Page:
We borrow from the Elektrotechnische Zeitung the following details in regard to the telephonic installations made by the Brothers Naglo at Berlin. Fig. 1 gives the general arrangement of a station, where J is an inductor set in motion through a winch, K, and a pair of friction rollers; W, a polarized call; U, an ordinary two-direction commutator; B, a lightning protector; and L and T, the two terminals of the apparatus, one of them connecting with the line and the other with the earth. The interesting point of this system is the automatic communication which occurs when the inductor, J, is moved. At the same moment that the winch, K, is being moved, the disk, P, is carried from right to left and brought into contact with the spring, f. As soon as the winch is left to itself a counter-spring forces the disk, P, to return to a contact with the spring, f. Figs. 2 and 3 show the details of such communication. The winch, K, is keyed to one of the extremities of a sleeve that carries the disk, P, at its other extremity. This sleeve is fixed upon the axle of the first friction roller, that is to say, upon the axle that controls the motion of the inductor, and is provided at the center with two helicoidal grooves, e, at right angles with one another.
In these grooves slides a tappet, n, connected with the axle.
Under the influence of the counter-spring at the left of the disk, P, the latter constantly tends to occupy the position shown in Fig. 2, which is that of rest. As soon as the winch, K, is revolved, whatever be the direction of the motion, the axle can only be carried along when the tappet, n, has come to occupy the position shown in Fig. 3, that is to say, when the disk has moved from right to left a distance corresponding to the fraction of the helix formed in the sleeve.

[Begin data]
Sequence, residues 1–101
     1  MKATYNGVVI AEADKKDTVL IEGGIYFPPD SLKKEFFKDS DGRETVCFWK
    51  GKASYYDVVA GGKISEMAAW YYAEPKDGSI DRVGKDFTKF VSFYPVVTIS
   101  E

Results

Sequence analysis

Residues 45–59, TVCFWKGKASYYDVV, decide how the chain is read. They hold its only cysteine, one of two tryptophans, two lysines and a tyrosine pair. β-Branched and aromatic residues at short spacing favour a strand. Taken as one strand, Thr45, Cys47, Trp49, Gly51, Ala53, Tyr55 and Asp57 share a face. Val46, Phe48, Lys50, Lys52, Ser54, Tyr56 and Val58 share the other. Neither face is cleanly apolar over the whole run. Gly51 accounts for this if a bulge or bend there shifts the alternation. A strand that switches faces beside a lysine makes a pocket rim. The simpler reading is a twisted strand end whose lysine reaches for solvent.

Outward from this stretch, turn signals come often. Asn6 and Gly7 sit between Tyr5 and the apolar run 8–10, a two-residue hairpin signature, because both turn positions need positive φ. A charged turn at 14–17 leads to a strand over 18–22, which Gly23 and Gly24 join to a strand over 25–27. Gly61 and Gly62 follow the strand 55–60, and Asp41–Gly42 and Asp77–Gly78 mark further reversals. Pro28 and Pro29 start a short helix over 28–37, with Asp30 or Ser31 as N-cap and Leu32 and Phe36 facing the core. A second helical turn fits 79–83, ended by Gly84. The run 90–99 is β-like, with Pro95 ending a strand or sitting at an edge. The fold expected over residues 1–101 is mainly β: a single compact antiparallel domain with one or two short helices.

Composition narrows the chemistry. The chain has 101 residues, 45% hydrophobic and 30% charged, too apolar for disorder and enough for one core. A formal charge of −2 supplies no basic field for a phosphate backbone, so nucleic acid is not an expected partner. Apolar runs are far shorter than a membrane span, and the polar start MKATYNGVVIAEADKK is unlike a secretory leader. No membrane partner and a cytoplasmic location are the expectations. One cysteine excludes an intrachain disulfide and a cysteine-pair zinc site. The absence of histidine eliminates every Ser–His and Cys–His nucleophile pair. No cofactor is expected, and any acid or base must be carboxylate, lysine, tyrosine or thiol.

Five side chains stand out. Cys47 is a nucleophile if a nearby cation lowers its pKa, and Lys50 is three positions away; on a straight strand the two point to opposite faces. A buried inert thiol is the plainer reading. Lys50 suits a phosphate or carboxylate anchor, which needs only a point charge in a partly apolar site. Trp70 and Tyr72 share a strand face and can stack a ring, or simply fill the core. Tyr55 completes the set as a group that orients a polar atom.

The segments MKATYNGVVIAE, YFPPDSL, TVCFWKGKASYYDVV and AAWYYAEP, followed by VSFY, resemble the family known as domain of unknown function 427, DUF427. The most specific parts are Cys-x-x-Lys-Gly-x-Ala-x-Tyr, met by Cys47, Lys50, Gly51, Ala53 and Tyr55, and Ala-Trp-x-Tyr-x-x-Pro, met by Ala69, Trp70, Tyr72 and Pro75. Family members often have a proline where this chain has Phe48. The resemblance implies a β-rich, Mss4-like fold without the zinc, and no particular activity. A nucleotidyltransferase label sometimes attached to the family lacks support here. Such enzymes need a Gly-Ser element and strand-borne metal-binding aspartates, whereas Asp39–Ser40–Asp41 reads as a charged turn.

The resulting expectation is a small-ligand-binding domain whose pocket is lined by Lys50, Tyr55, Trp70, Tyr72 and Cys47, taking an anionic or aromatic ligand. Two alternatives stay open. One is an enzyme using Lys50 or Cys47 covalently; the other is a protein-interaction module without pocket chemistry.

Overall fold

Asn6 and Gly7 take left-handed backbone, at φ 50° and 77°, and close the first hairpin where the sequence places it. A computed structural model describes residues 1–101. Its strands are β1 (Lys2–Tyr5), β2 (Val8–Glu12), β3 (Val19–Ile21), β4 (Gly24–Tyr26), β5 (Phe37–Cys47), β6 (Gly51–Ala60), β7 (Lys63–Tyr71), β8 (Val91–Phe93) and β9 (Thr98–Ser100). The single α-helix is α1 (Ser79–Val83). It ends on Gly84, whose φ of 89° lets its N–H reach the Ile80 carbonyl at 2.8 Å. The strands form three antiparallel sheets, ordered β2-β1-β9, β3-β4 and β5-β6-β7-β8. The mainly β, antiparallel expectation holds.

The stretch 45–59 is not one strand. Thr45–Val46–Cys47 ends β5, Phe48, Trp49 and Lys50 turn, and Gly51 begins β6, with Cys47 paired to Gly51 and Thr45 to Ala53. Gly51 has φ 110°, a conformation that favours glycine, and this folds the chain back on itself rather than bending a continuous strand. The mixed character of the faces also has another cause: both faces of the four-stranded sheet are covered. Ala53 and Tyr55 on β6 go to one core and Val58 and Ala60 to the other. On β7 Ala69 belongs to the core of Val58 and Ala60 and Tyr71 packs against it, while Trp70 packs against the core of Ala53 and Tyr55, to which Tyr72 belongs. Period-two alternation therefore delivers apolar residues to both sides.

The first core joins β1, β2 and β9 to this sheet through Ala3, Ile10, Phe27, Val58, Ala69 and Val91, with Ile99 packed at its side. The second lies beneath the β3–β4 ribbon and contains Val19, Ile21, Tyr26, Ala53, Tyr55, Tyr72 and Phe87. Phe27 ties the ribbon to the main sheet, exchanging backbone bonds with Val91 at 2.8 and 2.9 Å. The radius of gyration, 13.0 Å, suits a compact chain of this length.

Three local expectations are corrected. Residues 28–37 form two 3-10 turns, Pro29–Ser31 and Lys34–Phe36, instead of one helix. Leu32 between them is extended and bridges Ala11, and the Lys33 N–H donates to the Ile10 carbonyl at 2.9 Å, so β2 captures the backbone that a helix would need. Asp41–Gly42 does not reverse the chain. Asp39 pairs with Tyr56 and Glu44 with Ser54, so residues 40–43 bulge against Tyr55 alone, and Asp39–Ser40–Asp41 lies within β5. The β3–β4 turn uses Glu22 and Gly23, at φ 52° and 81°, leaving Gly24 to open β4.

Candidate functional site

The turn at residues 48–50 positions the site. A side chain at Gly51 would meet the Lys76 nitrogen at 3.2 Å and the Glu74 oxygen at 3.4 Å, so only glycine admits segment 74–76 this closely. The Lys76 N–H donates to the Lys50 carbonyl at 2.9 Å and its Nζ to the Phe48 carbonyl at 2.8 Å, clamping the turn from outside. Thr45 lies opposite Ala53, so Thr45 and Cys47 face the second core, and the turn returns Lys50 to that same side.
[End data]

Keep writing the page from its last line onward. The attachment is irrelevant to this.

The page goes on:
This stated, it is easy to understand the travel of the currents. Fig. 1 shows the station at rest. The current that arrives through L passes through the lightning protector, the body of the commutator, U, the terminal, v, and the call, W, bifurcates at P, and is closed by the earth. The inductor is in circuit, but, as it is in derivation, upon a very feeble resistance, v, nearly the whole of the current passes through the latter. When it is the station that is calling, the call, W, is put in derivation upon the circuit, f p, h, so that the portion of the circuit that passes through q W v is exceedingly feeble, and incapable of operating the bell of the post that is calling.
FIGS. 2 AND 3.
Finally, when the telephone is unhooked, the inductor, J, and the bell, W, are thrown out of circuit, and the telephone is interposed between d and i, that is, between L and T. - La Lumiere Electrique.